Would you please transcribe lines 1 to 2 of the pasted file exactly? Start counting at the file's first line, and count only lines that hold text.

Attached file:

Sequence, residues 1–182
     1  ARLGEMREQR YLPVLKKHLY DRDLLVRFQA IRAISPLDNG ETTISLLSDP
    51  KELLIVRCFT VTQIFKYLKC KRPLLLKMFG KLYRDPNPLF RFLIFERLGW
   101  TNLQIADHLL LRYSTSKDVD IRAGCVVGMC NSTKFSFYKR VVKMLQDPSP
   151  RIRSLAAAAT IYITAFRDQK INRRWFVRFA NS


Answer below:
Sequence, residues 1–182
     1  ARLGEMREQR YLPVLKKHLY DRDLLVRFQA IRAISPLDNG ETTISLLSDP